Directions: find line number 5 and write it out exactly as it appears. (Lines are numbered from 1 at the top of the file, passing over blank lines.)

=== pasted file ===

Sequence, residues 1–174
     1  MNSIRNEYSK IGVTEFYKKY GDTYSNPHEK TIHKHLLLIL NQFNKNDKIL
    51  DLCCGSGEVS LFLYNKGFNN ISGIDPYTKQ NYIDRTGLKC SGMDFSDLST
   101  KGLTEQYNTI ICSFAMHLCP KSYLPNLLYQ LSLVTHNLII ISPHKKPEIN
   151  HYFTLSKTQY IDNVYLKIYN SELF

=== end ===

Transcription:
   151  HYFTLSKTQY IDNVYLKIYN SELF